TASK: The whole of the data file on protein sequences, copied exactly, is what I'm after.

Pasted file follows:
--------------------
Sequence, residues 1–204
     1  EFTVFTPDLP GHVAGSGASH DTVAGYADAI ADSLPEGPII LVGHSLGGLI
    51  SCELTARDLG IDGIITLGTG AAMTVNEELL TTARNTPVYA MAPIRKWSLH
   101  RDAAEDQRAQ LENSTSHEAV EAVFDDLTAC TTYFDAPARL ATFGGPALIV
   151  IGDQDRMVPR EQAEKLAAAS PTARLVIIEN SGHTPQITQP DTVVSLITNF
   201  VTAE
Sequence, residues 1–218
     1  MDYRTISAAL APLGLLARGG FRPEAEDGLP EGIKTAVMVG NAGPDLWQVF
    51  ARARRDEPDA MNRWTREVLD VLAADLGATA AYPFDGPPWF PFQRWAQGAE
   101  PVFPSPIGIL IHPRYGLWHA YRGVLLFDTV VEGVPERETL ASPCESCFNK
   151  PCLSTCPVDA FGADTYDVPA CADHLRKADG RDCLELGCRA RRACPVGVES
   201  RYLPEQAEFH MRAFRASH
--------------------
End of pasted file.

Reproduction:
Sequence, residues 1–204
     1  EFTVFTPDLP GHVAGSGASH DTVAGYADAI ADSLPEGPII LVGHSLGGLI
    51  SCELTARDLG IDGIITLGTG AAMTVNEELL TTARNTPVYA MAPIRKWSLH
   101  RDAAEDQRAQ LENSTSHEAV EAVFDDLTAC TTYFDAPARL ATFGGPALIV
   151  IGDQDRMVPR EQAEKLAAAS PTARLVIIEN SGHTPQITQP DTVVSLITNF
   201  VTAE
Sequence, residues 1–218
     1  MDYRTISAAL APLGLLARGG FRPEAEDGLP EGIKTAVMVG NAGPDLWQVF
    51  ARARRDEPDA MNRWTREVLD VLAADLGATA AYPFDGPPWF PFQRWAQGAE
   101  PVFPSPIGIL IHPRYGLWHA YRGVLLFDTV VEGVPERETL ASPCESCFNK
   151  PCLSTCPVDA FGADTYDVPA CADHLRKADG RDCLELGCRA RRACPVGVES
   201  RYLPEQAEFH MRAFRASH